At the end of the 1950s everybody in the automotive industry agreed - people love big cars. The bigger the better. If you couldn't get a medium-sized horse on the back seat, nobody would buy the vehicle. Or maybe they would? When Volkswagen decided to launch the legendary Beetle, they could hardly make a claim for massiveness. Instead they played on the car's petite charms."Think Small" ran the campaign's headline, over an image of a barely visible VW in a field. Perhaps the boast of 32 miles to the gallon swung it. Or its flair for parallel parking. Either way, the ad is till at the top of the Ad Age Top 100 Advertising Campaigns list.

 

7. 1984: Apple Computers borrow from Orwell

So who was Apple's arch rival in the eighties? Microsoft right? Nope. IBM was the front runner in the PC wars back then. What went wrong? That story would take an entire column, but Apple's challenging ad probably didn't help. Appropriately for the year, the screenplay was heavily influenced by George Orwell's dystopian novel. A young woman, pursued by the 'thought police', escapes the grasp of a cloned society, turning to hurl a discus through the IBM screens surrounding her.

You may have noticed Apple have made some rather substantial progress since then. As I was reading on my IBM smart phone just the other day.

 

8. 1990: Nike 'do it'

Dan Wieden was the copywriter's name. He must have been having a good day at the beginning of the 1990s when he was tasked with cracking a strapline to run on all Nike's advertising. In three words he gave the world one of the most successful pieces of branding copy ever. "Just Do It" not only pushed more pairs of training shoes to more people than could ever have been imagined, it reputedly inspired folk to lose weight, get married and start businesses. Suddenly a sports brand was about a whole lot more than sport. But is it pronounced 'Nike' or 'Nikee'? We may never know.

 

9. 1996: Larry Page & Sergey Brin search and find

When two geeky college students took their new programme to the all-conquering Yahoo! they were shown the door - which was very nice but they wanted an investment. They failed to get one and that was a shame, because Larry and Sergey had invented Google, deploying a few servers in a garage to change advertising forever. They knew that searchers could be very closely targeted by advertisers. Something of which advertisers liked the sound. Quite a lot.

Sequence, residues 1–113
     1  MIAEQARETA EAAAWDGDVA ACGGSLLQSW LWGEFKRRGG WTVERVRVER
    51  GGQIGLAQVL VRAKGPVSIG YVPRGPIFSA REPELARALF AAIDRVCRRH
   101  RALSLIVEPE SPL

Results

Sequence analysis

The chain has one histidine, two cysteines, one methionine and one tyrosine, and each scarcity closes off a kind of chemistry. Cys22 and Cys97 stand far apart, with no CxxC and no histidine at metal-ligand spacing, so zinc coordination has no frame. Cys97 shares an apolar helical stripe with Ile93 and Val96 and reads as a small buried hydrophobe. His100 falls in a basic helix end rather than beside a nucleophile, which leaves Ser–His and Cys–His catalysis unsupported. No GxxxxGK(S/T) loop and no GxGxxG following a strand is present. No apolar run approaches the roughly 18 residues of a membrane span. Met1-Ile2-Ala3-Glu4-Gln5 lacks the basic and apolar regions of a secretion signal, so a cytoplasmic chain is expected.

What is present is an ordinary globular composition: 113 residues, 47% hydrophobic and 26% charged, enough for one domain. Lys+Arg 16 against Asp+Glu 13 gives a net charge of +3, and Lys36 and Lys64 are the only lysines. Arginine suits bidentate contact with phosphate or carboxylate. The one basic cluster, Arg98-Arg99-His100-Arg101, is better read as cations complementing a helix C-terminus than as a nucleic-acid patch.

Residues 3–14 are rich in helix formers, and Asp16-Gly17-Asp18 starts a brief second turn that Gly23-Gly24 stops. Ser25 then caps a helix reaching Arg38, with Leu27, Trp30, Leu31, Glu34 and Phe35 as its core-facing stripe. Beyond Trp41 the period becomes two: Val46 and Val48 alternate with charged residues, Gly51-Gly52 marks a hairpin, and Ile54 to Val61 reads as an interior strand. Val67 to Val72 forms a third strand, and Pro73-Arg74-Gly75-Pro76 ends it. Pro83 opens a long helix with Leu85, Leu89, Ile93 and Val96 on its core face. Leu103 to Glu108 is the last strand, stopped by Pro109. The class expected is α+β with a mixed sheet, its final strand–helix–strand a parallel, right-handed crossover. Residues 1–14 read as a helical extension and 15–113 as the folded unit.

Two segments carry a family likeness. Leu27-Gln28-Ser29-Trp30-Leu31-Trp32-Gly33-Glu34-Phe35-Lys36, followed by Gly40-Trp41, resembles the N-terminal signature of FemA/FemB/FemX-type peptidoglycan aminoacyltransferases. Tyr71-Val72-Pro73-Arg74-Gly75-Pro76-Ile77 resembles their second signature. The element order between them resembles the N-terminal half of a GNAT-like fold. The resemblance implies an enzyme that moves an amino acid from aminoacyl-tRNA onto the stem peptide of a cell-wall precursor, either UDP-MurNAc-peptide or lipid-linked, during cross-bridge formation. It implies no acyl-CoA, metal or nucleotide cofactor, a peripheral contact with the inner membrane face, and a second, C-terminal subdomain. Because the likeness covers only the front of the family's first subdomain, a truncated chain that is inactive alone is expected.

And when was the last time someone said they were going to Yahoo! for something? Exactly.

 

10. 2004: Mark Zuckerberg's face time

Remember when you and your mates would hang around and discuss who you most fancied? Ever wondered why that didn't make you a billionaire? Because it worked for Zuckerberg. He wrote a programme which would allow his dorm mates at Harvard (like an American sixth-form college) rate the looks of other students. He called it The Face Book. Accidently he also changed the world. With over a billion users, the platform now has advertisers hopping around trying to work out how they can best leverage a seventh of the world's population through one website. Mark just drives his cash around in a fleet of trucks. Funnily enough no-one has ever posted to say they think I'm good looking. Yet.

 

BONUS. 2005: Three friends build a site with moving pictures

It seems the original idea was to create a platform which allowed friends to post footage of themselves falling off skateboards. Steve Chen, Chad Hurley and Jawed Karim worked for Paypal, but in their spare time they devised a site which is now a household name. And it's purpose has swung from hosting silly clips to being a monster marketing facility. Owned by Google (see above) since 2006 the mission statement is now "Target any kind of person, and we have sophisticated tools to help you find them." They're not kidding. Every day You Tube pulls more visitors than a city of malfunctioning cash machines.

Most of them are looking at cats, for some reason.

 

Magnus Shaw is a copywriter, blogger and consultant.
www.magnusshaw.co.uk

A collection of Magnus Shaw's columns is now available as a Kindle book.

Thanks to Alan Sharavsky for background facts.